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The thermostated dynamical systems approach to nonequilibrium steady states

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If you have a question about this talk, please contact Mustapha Amrani.

Mathematics for the Fluid Earth

In this talk I will outline a theory that aims at understanding the emergence of irreversible macroscopic transport starting from reversible microscopic dynamics. At the heart of this approach is to suitably model the interaction of a subsystem with a thermal reservoir. A simple example is a tracer particle in a fluid exhibiting Brownian motion for which there is the well-known description in terms of stochastic Langevin dynamics. Three decades ago scientists proposed a fully deterministic, time reversible modeling of thermalized motion by deriving a generalized Hamiltonian formalism yielding generalized friction coefficients in terms what is called Gaussian and Nose-Hoover thermostats. Surprisingly, in nonequilibrium situations such as, e.g., under an external electric field, this time reversible dissipative dynamics generates fractal attractors, exhibits an identity between phase space contraction and entropy production, and furnishes formulas that express transport coefficients in terms of Lyapunov exponents. In my talk I will show how this class of dynamical systems is constructed, will review its basic dynamical systems properties, and will critically discuss a conjectured universality of these properties. I will present a rather general summary of this approach, not much pre-knowledge about this particular field of research is required. [1] R.Klages, Microscopic Chaos, Fractals and Transport in Nonequilibrium Statistical Mechanics (World Scientific, Singapore, 2007)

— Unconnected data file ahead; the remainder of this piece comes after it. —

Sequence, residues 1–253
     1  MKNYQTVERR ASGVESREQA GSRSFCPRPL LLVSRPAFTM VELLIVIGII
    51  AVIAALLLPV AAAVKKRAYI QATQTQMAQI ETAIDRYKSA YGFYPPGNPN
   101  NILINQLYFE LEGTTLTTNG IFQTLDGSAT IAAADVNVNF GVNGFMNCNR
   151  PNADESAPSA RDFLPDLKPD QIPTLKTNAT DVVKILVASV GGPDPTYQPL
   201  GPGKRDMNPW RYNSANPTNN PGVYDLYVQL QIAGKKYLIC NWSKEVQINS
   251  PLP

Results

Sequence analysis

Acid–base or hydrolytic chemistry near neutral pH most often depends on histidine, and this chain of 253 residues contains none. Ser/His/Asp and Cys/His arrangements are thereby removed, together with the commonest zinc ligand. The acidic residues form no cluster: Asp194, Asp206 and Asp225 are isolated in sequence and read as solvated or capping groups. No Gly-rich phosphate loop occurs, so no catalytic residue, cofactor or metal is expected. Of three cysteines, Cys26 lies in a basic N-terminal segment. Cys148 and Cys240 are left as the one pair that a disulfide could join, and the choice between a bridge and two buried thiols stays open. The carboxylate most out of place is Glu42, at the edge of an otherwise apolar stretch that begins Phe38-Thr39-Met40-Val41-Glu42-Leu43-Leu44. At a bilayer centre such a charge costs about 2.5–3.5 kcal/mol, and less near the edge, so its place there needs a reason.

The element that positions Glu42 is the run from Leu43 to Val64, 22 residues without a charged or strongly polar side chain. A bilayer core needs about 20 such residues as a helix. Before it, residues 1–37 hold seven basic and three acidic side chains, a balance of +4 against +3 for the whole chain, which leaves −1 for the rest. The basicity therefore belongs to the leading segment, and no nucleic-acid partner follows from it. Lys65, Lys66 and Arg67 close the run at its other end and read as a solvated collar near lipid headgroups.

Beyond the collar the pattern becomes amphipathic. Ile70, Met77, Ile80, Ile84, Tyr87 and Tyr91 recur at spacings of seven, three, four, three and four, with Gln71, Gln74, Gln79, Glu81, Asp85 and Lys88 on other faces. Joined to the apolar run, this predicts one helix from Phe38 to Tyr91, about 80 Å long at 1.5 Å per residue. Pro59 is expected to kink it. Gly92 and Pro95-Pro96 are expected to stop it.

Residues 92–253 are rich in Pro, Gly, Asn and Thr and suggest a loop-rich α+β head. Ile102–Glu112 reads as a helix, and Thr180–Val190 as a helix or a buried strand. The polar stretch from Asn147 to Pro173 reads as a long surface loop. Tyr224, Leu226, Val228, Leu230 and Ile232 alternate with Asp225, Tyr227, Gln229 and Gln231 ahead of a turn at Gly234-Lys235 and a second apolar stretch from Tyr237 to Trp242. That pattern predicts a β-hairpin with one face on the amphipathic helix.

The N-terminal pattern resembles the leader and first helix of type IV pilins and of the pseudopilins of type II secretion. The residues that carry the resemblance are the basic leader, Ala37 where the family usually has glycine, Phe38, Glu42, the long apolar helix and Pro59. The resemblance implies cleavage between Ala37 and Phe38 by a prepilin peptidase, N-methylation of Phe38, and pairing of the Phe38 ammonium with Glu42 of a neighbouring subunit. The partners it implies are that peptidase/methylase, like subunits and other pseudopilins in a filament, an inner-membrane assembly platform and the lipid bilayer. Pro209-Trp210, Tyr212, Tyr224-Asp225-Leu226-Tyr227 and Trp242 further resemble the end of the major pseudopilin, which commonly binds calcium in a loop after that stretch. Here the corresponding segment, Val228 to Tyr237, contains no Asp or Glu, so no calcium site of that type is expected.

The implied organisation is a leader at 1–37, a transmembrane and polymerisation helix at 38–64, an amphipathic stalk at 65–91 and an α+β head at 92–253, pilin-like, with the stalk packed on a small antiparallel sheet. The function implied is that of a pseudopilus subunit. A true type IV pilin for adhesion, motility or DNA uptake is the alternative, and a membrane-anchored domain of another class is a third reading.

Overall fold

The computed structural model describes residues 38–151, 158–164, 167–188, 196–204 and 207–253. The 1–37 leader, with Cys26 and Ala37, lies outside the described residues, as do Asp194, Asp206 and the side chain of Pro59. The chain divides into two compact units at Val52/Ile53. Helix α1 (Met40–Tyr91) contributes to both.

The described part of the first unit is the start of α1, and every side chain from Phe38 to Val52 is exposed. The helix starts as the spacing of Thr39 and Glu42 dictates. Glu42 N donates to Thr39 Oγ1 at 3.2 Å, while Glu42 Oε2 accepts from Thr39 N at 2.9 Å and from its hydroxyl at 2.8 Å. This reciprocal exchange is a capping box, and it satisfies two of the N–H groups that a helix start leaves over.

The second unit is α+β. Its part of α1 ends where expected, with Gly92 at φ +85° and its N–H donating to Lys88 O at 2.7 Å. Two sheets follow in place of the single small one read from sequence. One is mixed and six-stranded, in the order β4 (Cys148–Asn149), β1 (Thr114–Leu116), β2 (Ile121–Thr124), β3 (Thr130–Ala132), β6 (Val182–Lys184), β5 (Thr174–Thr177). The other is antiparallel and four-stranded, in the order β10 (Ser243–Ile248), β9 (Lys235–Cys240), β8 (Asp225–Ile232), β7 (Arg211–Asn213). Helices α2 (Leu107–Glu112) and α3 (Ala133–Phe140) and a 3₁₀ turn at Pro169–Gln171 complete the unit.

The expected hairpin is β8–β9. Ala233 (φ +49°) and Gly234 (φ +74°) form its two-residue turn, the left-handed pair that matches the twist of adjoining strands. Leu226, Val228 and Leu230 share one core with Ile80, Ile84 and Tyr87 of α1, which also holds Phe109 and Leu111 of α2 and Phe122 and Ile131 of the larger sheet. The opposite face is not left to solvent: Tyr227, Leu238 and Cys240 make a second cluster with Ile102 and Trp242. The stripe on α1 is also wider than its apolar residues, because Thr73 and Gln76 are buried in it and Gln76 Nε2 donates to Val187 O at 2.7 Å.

This talk is part of the Isaac Newton Institute Seminar Series series.

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